The Autumn 2014 issue of Arms2Arts, the newsletter of the Small Arms Society in Lakeview (Mississauga) can be accessed here:
The newsletter shares the following text – to which I’ve added headings – regarding the Princess Patricia’s Canadian Light Infantry 100th anniversary events, which take place Sept. 7, 2014 in Mississauga:
National Baton Relay Will Make a Stop in Mississauga to Honour Regiment’s First Canadian Commander
They’re called the Princess Patricia’s Canadian Light Infantry, and they’re noted for being the first Canadian regiment to arrive in Europe in the early months of World War I. The PPCLI is also one of only three regiments of the Canadian Armed Forces made up of full- time, active duty soldiers. (Most other regiments in Canada are reserve battalions.)
To honour the centenary of the historic regiment, the “Princess Pats” began a relay on August 10, at Edmonton, to carry a baton across Canada, with the names of the 1,866 PPCLI soldiers who have died in action.
Edmonton is the headquarters of the PPCLI, and is also the HQ for the 1st and 3rd battalions. The baton will arrive in Ottawa on September 18. It was on that day 100 years ago that Canada’s historic regiment formed.
Along the way, the baton will make a stop in Mississauga, where the PPCLI will honour Agar Adamson, who was the first Canadian to command the regiment. Agar lead the PPCLI longer than any other officer, and was in command during this country’s first great military victory, at Vimy Ridge in April 1917.
The Princess Patricia’s will attend a service at Trinity Anglican Church, 26 Stavebank Road, Port Credit. After the service, a plaque will be unveiled at the Adamson family crypt by current colonel-in-chief of the PPCLI, Adrienne Clarkson. The right honourable commander was governor-general of Canada from 1999 to 2005, and was well known to Canadians before then as a newscaster for CBC.
Space in the church cemetery is limited
Space in the church cemetery is limited, but the public can see the unveiling from Memorial Park. The Adamson crypt is at the bottom of the hill at the church, facing the park.
From here, the baton will be run along Lakeshore Road to the Adamson Estate at 850 Enola Avenue.
Public reception at Small Arms building; everybody is welcome to attend
Then everyone is off to the Small Arms plant for a friendly reception.
The church service is by invitation only, but the celebration being hosted by Small Arms Society is open to the public. Come by to meet the Pats.
The PPCLI will bring along several items for the public to see up close, including an eight-metre armoured vehicle, a WWII Bren gun carrier, and a 15-metre tractor trailer mobile museum of the history of the PPCLI.
There will be fun for kids, too. The PPCLI is bringing along its Kiddie Commando Camp which includes an obstacle course and bouncy castle. There will also be camouflage face painting.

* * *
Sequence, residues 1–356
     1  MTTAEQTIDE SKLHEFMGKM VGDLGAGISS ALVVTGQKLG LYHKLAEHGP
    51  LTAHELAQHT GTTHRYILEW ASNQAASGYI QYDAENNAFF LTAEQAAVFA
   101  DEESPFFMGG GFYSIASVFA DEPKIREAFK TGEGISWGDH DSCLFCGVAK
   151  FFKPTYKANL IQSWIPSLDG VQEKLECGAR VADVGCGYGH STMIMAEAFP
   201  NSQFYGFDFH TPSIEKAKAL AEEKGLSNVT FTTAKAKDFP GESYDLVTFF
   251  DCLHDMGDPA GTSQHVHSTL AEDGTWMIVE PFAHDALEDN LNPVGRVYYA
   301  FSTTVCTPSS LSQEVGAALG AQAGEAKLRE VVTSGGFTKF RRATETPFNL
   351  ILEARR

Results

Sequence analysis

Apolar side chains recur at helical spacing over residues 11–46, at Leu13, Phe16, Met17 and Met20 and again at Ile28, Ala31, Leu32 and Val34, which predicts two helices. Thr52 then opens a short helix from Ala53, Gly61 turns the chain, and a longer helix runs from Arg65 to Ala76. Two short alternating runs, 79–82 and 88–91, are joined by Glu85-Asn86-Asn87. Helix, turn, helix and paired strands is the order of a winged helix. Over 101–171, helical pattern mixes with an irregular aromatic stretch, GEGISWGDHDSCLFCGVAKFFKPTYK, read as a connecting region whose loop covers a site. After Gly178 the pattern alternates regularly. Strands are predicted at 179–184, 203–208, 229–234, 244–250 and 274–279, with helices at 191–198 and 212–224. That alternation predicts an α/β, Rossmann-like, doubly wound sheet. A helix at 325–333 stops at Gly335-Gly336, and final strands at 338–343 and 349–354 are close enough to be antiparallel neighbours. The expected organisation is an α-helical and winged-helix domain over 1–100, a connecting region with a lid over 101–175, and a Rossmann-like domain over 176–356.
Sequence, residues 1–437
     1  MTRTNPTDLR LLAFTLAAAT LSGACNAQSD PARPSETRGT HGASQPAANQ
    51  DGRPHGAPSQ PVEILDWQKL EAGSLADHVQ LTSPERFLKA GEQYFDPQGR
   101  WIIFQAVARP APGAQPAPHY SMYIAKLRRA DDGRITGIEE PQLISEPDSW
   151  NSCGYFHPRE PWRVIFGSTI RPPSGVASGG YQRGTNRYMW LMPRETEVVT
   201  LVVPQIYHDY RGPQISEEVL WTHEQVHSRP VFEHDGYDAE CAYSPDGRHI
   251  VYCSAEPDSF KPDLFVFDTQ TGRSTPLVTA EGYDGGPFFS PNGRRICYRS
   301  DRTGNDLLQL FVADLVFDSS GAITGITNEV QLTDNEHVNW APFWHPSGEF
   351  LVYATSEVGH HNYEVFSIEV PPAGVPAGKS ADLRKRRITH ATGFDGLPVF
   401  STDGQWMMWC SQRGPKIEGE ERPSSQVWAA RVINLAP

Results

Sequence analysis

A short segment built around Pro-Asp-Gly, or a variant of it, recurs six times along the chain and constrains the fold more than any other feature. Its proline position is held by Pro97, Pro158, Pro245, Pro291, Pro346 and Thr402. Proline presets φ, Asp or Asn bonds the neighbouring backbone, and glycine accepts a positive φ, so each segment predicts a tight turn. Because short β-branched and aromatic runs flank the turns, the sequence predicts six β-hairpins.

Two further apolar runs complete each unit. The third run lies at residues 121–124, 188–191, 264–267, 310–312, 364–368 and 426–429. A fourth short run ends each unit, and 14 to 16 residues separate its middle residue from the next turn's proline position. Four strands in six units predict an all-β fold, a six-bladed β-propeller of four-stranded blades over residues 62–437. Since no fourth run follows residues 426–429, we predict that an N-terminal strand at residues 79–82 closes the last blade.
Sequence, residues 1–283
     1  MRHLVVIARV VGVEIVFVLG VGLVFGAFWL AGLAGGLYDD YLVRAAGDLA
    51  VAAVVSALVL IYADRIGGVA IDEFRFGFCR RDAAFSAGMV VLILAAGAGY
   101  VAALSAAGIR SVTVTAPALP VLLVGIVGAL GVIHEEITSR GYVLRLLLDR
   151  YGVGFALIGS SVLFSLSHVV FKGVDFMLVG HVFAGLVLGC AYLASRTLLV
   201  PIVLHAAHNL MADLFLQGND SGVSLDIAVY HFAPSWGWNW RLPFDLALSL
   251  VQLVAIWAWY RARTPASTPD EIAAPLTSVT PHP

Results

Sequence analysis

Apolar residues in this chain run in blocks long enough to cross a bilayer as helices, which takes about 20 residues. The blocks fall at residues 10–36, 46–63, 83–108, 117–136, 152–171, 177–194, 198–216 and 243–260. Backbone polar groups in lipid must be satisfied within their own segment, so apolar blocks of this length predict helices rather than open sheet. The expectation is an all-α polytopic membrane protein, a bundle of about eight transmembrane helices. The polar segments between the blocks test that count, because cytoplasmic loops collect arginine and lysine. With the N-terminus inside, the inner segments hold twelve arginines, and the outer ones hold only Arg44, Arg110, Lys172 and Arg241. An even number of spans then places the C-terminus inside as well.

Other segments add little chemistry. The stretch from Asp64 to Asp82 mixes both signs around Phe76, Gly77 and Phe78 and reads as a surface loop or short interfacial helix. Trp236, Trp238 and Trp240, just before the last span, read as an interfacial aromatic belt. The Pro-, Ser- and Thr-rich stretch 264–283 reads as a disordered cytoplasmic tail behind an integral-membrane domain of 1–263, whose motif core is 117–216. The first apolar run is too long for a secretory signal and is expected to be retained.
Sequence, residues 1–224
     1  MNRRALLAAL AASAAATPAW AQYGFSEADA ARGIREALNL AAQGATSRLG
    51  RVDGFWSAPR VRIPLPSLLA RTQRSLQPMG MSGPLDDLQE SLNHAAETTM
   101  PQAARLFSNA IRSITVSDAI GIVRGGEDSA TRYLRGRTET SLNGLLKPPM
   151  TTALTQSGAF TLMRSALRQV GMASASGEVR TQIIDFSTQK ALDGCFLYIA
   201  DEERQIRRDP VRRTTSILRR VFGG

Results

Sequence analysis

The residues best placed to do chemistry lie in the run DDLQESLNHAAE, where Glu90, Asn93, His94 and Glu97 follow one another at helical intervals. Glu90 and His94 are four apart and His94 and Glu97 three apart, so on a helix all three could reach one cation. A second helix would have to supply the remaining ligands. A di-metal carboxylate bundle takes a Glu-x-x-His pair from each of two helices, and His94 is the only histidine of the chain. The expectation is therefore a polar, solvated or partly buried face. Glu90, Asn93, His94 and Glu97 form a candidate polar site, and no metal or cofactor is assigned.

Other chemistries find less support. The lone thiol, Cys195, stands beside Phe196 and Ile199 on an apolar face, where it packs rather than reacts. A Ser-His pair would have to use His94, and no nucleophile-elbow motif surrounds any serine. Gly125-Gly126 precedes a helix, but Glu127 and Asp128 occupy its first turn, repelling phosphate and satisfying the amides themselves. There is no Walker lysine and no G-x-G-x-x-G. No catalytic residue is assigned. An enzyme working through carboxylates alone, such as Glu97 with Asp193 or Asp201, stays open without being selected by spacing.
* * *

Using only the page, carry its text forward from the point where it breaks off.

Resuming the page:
To honour the future men and women who will serve in Canada’s armed forces, the PPCLI has invited the cadets the #2824 Royal Canadian Army Cadet Corps: Cadet Organization Police School, which encourages youth, age 12 to 18, to participate in community events. COPS once drilled at the Small Arms plant.
Members of the Arms2Arts team will conduct tours of building.
Special thanks to Judy Tutty, People’s Warden at Trinity Anglican Church in Port Credit for her help in planning this historic event.
Please join us to celebrate the centenary of Canada’s first WWI regiment, and Mississauga’s connection to this historic regiment.
[End of text. For further texts from the Arms2Arts Autumn 2014 newsletter, click on the link at the start of this post.]
The text notes that Canada’s first military victory occurred at Vimy Ridge in April 1917.
That may indeed be the case with regard to the modern era.
However, I would say – speaking as a layperson and non-historian, with an interest in critical historical practices – that it can be argued that the British-led military victories that occurred in October 1813, at the Battle of Chateauguay, and at the November 1813 Battle of Crysler’s Farm, also qualify as Canada’s first military victories. In each battle, the British side was vastly outnumbered but better trained, and had the benefit of superior military leadership.
My rationale, for advancing such a claim, is that these two victories, of 201 years ago, led to the abandonment of the American project to conquer Canada. Had the American side prevailed in the two critical 1813 battles, it is unlikely that Canada would exist. An outcome of the War of 1812, as I understand, is that each side affirmed a strong sense of national identity as a consequence of it.
An April 8, 2017 CBC article is entitled: “Brockville-area soldier came home from Vimy honoured — but scarred: Thain Wendell MacDowell waged his own war against shell shock after the 1917 battle.”